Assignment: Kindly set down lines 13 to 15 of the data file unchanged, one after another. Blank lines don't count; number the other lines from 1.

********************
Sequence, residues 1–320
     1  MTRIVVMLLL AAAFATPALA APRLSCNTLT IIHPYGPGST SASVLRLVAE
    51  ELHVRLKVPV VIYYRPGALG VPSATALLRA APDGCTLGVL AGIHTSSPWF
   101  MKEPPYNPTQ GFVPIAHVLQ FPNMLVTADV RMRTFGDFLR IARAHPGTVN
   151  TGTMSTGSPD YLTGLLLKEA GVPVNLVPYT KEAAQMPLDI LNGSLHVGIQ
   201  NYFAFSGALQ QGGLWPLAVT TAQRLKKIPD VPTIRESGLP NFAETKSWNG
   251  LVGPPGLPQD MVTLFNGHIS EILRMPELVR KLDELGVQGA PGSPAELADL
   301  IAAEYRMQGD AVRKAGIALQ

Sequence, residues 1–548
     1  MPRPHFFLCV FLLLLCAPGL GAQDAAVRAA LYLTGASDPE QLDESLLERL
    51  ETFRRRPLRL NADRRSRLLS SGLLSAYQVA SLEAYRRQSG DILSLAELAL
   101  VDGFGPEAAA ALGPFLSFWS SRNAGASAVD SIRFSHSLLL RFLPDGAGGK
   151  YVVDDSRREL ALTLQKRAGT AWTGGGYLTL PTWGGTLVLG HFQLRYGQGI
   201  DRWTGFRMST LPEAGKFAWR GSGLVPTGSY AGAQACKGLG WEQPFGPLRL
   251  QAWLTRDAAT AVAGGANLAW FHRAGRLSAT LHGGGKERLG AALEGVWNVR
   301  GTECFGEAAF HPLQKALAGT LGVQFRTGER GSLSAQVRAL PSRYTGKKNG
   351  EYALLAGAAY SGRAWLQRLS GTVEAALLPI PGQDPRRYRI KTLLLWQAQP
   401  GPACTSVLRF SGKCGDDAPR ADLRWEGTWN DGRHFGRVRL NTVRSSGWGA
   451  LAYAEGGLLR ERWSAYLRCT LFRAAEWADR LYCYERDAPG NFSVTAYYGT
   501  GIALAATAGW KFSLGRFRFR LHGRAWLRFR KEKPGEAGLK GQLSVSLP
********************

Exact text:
   151  YVVDDSRREL ALTLQKRAGT AWTGGGYLTL PTWGGTLVLG HFQLRYGQGI
   201  DRWTGFRMST LPEAGKFAWR GSGLVPTGSY AGAQACKGLG WEQPFGPLRL
   251  QAWLTRDAAT AVAGGANLAW FHRAGRLSAT LHGGGKERLG AALEGVWNVR